Supermarket Chains Show More Interest In Local Food
It wasn’t exactly a romantic event, but it was billed as a matchmaking opportunity, complete with a "speed dating" session.
For the dozens of Vermont food producers and buyers in attendance, though, the gathering at Vermont Technical College this week was strictly business.
“I was very excited to come down and expand my reach beyond Chittenden and Washington County and get some of our products down south or even regionally,” said farmer-producer Beth Whiting.
She and her husband own Maple Wind Farm in Huntington and Richmond, which specializes in pasture and grass fed meats.
On the buyers' side were many familiar co-ops along with wholesale and institutional food suppliers. But there were also some relatively new faces to the local foods scene: the big chain supermarkets.
“We see an emerging trend that’s really growing and we have to get better at that,” said Scott Evans, vice president of grocery and merchandising at Price Chopper.
Evans said that trend is increasing customer demand for local products and an expectation that even a large supermarket chain with 135 stores should carry them.
"As we start to work with the local areas like Vermont and the towns that we're in it's really important for us to find those products and partner with those different suppliers." - Scott Evans, vice president of grocery and merchandising at Price Chopper
“There’s this loyalty that customers have with those products and it makes absolute sense because it strengthens their communities,” he explained. “As we start to work with the local areas like Vermont and the towns that we’re in it’s really important for us to find those products and partner with those different suppliers.”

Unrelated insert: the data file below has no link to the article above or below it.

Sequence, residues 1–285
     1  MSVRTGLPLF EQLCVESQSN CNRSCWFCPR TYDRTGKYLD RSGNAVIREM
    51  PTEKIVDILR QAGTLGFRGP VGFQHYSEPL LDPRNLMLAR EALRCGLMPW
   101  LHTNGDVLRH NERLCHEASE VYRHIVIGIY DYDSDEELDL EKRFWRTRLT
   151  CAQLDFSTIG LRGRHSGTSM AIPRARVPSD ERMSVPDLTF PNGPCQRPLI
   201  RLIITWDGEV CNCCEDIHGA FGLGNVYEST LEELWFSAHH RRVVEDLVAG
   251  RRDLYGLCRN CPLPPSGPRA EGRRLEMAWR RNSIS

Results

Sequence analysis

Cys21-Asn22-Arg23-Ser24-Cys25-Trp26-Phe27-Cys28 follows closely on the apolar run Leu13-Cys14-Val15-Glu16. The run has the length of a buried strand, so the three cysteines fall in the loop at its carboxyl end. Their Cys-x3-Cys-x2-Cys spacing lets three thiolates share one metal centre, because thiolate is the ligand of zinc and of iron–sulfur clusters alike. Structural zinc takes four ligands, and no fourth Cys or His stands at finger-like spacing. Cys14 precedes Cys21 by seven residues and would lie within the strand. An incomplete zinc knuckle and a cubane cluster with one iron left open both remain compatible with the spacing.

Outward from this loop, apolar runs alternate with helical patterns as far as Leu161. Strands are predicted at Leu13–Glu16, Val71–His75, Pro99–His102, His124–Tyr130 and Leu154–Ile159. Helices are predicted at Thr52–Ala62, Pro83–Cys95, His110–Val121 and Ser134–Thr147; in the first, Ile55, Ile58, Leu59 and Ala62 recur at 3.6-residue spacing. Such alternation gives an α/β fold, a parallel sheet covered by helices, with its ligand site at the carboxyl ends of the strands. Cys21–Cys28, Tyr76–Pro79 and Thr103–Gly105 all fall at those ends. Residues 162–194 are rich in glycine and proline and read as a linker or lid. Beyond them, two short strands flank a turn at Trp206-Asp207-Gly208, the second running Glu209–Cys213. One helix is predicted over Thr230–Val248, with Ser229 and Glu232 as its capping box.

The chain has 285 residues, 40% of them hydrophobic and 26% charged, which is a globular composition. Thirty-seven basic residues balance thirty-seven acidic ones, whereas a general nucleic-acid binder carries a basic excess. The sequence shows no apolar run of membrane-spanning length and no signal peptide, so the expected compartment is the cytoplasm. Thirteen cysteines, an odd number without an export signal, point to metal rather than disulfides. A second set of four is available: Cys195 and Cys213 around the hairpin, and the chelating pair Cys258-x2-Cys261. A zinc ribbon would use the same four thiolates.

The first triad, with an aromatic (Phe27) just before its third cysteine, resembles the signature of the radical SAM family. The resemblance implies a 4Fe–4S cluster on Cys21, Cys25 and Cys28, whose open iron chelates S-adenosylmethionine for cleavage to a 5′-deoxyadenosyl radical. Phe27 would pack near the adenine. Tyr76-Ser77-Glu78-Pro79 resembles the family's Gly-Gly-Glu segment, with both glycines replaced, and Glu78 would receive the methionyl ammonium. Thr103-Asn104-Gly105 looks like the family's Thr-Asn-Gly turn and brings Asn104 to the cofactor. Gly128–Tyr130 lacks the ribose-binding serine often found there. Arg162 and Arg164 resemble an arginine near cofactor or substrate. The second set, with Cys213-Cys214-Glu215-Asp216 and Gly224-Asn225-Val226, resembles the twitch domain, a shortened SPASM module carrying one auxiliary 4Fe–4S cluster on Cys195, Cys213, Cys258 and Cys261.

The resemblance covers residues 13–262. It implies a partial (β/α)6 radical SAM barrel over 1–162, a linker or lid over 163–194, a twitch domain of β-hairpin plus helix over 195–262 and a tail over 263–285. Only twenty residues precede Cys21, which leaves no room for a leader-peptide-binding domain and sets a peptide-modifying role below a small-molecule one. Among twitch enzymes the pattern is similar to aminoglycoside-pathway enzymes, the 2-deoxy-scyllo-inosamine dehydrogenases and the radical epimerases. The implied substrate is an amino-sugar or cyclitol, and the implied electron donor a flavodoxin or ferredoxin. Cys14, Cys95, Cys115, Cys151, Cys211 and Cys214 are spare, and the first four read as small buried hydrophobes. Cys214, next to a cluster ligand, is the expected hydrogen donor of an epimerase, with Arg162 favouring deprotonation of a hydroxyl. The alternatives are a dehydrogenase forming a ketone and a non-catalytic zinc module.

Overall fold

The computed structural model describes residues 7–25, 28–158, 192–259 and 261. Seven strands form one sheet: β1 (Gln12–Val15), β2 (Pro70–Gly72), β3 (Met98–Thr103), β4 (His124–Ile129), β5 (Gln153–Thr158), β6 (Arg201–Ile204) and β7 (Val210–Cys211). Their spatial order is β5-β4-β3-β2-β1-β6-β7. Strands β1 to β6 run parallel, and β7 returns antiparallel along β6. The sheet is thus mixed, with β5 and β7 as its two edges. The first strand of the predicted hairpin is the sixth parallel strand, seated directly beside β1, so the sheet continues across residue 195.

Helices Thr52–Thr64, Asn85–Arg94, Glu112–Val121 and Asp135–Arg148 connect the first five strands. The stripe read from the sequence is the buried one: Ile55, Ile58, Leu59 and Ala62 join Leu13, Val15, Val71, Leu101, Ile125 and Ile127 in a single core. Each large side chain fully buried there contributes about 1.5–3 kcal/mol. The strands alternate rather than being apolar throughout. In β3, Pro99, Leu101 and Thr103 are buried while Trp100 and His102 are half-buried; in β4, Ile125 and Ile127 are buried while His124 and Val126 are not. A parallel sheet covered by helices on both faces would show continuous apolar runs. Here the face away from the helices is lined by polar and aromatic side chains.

For a company used to working with large food distributors, one challenge is adapting the company’s supply chain to deal with small producers.
“Obviously when we work through distributors it makes life a bit easier for us, but sometimes it doesn’t make sense."
“Obviously when we work through distributors it makes life a bit easier for us, but sometimes it doesn’t make sense,” said Evans. "We’re trying to find the flexibility and the ability to work with partners to get their products to our stores in whatever fashion works best for both of us.”
Representatives from Shaw’s and Hannaford supermarkets were also at this week’s event.
From the producer’s perspective, the challenges of supplying a large chain store include the time it takes to increase production. Producing a premium product also costs more, so there’s the question of meeting the price point for both the store and the producer.
Demand for local food is also happening on an institutional level.
This week the food service giant Sodexo filled a full-time position dedicated to increasing the share of Vermont products the company provides to schools and hospitals.